Palmer Memorial Episcopal Church


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Back to School During a Pandemic

Posted by Albert Hergenroeder, MD on


I am Palmer is a series of articles written by parishioners at Palmer Memorial Episcopal Church about their experiences in the time of COVID-19. With a close proximity to the Texas Medical Center and Rice University, the Palmer community has a unique insight into the halls of hospitals and laboratories. In this series, we will hear from a research pharmacy technician, an epidemiologist, an elder care professional, an ER doctor, and doctor parents, all serving in different ways on the front lines of this virus.

I am an adolescent medicine specialist and I take care of teenagers with a variety of problems. Over the last few months I have seen teens struggle with the lack of structure that school attendance provides. As a result, many are going to sleep after midnight into the early morning hours and don’t wake up until late morning and early afternoon. These poor sleep patterns when persistent over weeks to months will cause fatigue in any person, and in teens with anxiety or depression, they may cause worsening symptoms.  Teens with weight related problems also do not do well with this type of schedule.  These are a few examples of why teens need to be back in school.  Yet, is it safe in the context of the COVID-19 pandemic? 

Local school districts have announced return-to-school dates with a variety of plans for the fall semester, including the choice between remote and in-person learning options. What should parents do?

First, parents should be confident that school environments follow the Center for Disease Control’s guidelines regarding social distancing. Possible strategies include:  

  • Schools should use desk spacing
  • Staggered class release times to avoid hallway crowding
  • Rotation of teachers among classes instead of students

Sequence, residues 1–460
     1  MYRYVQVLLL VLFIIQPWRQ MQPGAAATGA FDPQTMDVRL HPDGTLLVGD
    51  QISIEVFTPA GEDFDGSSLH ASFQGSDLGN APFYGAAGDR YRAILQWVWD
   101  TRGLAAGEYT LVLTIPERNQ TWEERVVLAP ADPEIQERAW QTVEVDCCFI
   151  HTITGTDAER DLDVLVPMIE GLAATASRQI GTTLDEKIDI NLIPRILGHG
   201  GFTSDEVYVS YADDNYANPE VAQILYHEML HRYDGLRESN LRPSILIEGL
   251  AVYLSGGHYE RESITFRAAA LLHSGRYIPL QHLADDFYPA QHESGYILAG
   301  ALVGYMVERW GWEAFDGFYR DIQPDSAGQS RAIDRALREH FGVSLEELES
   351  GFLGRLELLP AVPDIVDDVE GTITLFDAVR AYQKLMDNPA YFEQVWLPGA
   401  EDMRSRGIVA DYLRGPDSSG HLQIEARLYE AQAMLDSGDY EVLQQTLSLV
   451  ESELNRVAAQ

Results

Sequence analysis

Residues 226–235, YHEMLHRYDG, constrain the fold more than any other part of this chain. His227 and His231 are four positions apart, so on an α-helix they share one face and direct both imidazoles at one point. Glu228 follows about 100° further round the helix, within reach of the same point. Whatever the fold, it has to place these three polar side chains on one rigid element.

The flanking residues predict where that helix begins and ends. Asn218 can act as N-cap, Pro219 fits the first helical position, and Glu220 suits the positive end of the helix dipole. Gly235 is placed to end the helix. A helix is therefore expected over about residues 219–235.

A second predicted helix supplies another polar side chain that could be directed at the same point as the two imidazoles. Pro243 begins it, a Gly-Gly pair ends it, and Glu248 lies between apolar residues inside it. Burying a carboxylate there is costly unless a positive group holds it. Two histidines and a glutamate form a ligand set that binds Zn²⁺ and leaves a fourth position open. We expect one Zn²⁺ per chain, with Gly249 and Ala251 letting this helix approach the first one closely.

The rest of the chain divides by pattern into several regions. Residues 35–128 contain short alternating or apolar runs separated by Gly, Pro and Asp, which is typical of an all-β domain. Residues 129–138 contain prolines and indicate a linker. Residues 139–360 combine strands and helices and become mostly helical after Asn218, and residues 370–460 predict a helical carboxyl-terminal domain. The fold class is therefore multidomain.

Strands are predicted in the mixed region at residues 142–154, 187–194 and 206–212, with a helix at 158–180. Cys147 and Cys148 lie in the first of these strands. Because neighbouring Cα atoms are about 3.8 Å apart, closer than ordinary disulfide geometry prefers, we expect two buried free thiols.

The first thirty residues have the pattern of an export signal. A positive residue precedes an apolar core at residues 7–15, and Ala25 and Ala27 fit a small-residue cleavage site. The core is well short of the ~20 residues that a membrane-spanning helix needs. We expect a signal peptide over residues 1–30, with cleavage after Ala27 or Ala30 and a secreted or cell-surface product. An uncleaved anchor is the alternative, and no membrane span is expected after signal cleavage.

• One-way hallways
  • Elimination of lockers
  • Staggered and separated lunch periods, and
  • Using outdoor spaces as much as possible.

While ISDs may be considering all the above measures and more, many have not shared all the details about how the CDC guidelines for returning to school will be achieved throughout their districts.  That information would help parents make a decision about having their teens return to school.  In some cases, schools may want to implement the appropriate changes to achieve social distancing but they may be handicapped without increased resources, such as adequate space and personnel to safely accommodate large numbers of students in-person. Measures that will optimize everyone’s safety, even in the face of such challenges, include:

Having children get the influenza vaccine when it becomes available in the fall; influenza virus causes infection that looks just like COVID-19  

Mask wearing, hand washing and cleaning surfaces with EPA-approved disinfectants, or if not available, diluted bleach or 70 percent alcohol at school 

Screening students, teachers and staff for evidence of COVID-19 infection daily at entry into the building.

Parents have a variety of unique considerations as they make decisions about their children going to school this year. Some, for example, have teens who may have chronic illnesses that would be worsened if they were infected with COVID-19.  They are also considering the health of all family members, especially older adults who are more susceptible to manifesting severe symptoms than children and teens.  Finally, Houston and Texas are setting records for COVID -19 infections, hospitalizations, ICU admissions and deaths. In the short term, it seems prudent to consider online school until the pandemic starts to clearly recede. 

Thank you for the chance to give my perspective on the COVID-19 pandemic.